Sunday 2nd December
Sir Keir Stammer has called for a Vote of No Confidence if May loses her vote in the House of Commons on the EU withdrawal agreement. In an interview with Sky News this morning, the Shadow Brexit Secretary outlined the technicalities of the Fixed Term Parliament Act. Under the Act, a general election is called precisely every 5 years, however if a Government loses a vote of no confidence it has 14 days to pass a second motion, otherwise Parliament is dissolved and an election is called.
Although, it looks unlikely that Mrs May will get her Brexit deal through parliament, she is still well supported amongst Tory MP’s, as they fear Jeremy Corbyn being elected into Government. This is evidenced in the coup that was organised by the ERG, which failed to materialise.
The Legal Advice Row
Mrs May, may quite have bigger things to worry about, however. Around a month ago, parliament passed a motion which would have seen the government have to reveal the legal advice that the Attorney General had provided Mrs May and Co. on Brexit.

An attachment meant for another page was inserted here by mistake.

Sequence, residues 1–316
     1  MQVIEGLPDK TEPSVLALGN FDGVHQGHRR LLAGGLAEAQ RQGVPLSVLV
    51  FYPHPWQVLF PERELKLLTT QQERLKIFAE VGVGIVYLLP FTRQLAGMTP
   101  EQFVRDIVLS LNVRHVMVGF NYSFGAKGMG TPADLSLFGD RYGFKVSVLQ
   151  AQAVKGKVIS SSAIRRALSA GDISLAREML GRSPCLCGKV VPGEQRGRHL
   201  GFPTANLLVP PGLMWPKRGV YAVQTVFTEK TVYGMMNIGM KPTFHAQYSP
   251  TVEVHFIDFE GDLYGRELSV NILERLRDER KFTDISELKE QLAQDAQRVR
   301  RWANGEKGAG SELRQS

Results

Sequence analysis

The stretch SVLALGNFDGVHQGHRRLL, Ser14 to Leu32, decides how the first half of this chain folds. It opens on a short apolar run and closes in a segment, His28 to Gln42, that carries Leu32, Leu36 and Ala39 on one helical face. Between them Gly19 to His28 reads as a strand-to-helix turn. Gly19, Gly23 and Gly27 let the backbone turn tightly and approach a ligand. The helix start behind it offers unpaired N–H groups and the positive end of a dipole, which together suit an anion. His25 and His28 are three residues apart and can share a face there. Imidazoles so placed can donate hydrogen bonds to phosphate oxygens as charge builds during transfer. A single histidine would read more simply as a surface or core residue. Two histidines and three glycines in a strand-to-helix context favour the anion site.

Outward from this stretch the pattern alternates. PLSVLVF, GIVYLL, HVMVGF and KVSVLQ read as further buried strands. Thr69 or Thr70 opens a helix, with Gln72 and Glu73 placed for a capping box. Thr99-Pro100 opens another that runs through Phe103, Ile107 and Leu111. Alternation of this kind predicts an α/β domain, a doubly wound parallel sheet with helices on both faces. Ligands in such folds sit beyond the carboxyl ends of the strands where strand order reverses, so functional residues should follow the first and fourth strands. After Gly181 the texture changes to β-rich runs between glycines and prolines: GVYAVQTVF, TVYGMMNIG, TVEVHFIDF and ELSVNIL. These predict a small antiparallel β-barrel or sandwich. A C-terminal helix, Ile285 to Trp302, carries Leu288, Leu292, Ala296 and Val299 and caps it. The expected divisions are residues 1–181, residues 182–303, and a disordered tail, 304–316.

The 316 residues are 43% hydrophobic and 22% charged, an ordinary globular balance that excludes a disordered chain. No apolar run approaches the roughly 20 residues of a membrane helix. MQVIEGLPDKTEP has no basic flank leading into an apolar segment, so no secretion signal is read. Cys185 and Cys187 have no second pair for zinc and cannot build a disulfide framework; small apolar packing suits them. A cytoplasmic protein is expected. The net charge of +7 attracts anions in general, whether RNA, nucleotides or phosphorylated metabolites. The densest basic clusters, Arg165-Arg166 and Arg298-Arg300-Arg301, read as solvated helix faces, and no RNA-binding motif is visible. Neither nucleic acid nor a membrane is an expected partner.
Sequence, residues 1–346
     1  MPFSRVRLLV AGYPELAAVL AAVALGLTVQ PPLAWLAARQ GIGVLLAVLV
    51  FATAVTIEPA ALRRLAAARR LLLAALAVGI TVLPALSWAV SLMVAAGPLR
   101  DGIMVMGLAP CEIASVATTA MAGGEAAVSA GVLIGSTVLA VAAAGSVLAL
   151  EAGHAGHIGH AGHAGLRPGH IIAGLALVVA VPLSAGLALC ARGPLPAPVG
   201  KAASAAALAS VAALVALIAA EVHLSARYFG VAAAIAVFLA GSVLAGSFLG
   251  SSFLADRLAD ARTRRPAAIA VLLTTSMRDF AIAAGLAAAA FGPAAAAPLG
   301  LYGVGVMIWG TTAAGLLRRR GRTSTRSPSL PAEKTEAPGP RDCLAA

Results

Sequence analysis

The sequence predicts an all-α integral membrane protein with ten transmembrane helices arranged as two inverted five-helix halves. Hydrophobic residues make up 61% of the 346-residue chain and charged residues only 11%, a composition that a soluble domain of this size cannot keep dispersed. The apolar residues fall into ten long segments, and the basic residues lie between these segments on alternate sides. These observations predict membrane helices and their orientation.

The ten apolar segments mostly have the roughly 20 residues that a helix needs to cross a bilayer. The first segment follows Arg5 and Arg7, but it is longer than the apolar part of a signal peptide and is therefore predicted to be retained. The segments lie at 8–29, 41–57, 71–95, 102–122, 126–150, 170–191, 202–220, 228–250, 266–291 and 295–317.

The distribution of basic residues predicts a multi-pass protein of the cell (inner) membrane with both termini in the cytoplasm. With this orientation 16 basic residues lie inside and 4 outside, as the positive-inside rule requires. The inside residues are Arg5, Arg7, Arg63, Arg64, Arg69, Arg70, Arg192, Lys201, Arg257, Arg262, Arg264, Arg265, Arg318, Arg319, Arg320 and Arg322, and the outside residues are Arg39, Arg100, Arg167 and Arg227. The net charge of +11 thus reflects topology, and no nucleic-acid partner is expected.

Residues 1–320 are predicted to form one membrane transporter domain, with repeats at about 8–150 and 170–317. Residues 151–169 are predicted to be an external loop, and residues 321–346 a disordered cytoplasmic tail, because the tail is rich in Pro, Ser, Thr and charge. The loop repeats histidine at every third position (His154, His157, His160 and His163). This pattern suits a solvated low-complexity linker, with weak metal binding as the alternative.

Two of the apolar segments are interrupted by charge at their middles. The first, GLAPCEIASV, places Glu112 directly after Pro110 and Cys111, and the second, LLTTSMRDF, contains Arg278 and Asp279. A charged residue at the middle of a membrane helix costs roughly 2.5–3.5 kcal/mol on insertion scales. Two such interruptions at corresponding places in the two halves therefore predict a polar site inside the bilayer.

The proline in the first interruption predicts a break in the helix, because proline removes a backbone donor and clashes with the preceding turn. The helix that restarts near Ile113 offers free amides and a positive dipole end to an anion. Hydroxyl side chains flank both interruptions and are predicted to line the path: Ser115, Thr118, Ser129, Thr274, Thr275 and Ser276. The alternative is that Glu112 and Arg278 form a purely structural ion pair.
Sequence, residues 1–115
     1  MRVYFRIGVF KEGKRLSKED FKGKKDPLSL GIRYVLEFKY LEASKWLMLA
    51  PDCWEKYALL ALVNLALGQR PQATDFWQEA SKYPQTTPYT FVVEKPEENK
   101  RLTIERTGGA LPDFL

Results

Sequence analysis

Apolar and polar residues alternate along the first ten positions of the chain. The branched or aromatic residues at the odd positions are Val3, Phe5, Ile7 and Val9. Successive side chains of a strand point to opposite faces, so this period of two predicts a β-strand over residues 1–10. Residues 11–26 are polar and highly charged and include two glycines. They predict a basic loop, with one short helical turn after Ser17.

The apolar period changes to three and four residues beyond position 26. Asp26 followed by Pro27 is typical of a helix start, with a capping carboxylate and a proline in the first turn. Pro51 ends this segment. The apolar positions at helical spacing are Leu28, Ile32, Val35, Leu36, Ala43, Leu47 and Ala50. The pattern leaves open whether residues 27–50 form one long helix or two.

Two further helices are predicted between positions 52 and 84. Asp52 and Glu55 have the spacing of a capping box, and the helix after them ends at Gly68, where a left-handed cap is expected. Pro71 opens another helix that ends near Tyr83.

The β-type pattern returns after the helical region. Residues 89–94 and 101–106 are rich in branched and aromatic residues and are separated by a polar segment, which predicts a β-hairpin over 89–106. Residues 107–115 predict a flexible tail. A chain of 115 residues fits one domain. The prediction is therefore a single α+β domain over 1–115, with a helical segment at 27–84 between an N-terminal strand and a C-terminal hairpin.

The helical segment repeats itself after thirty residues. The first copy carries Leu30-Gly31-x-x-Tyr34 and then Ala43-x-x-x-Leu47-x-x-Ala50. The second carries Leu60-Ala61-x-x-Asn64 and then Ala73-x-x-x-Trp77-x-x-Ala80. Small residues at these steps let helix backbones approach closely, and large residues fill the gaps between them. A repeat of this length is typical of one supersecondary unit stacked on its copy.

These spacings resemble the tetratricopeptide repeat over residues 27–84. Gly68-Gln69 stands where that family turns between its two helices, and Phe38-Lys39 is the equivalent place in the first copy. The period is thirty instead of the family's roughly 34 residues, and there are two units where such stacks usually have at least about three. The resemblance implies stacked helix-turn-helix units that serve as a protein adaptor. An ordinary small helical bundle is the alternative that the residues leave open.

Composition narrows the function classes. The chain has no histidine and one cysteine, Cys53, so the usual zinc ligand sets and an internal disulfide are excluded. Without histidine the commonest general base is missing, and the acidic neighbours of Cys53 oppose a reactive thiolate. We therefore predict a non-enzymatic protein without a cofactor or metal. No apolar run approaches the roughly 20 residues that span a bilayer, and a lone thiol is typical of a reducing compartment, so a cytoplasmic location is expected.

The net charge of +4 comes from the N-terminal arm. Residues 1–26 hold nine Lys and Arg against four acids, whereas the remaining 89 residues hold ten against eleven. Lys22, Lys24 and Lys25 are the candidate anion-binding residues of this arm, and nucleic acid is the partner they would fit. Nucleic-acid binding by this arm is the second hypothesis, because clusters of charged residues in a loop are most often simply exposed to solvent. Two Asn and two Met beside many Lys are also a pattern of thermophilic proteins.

It has since been confirmed though, that Geofrrey Cox will only reveal redacted and amended statements.
This has drawn severe criticism from various political parties and actors, including the DUP, who have accused Mrs May of having something to hide. Keir Stammer added that not publishing the legal advice in full, would mean that Labour would have no option but to start proceedings for contempt of parliament.
Analysis by Editor – Seb Chromiak
Labour tacticians must be very careful when calling a Vote of No Confidence, it was one thing undermining a crippled Government, but it is another if she survives the vote.
What Labour risk is strengthening Mrs May at the helm, as there is no majority for a VONC. No doubt, a crisis of some sorts is on the horizon for this Tory government if they lose the Brexit vote. Mrs May has been under intense scrutiny for weeks now, calling a VONC would give an opportunity to the Main Stream Media to shift the attention onto Jeremy Corbyn. This would undermine the cunning work his party has done.
Call me cautious, but on Brexit, Labour have played the game fantastically well, and in this very paper, we have on many occasions called for Jeremy to finally put the Tory’s to the sword.
Now, may not be the time.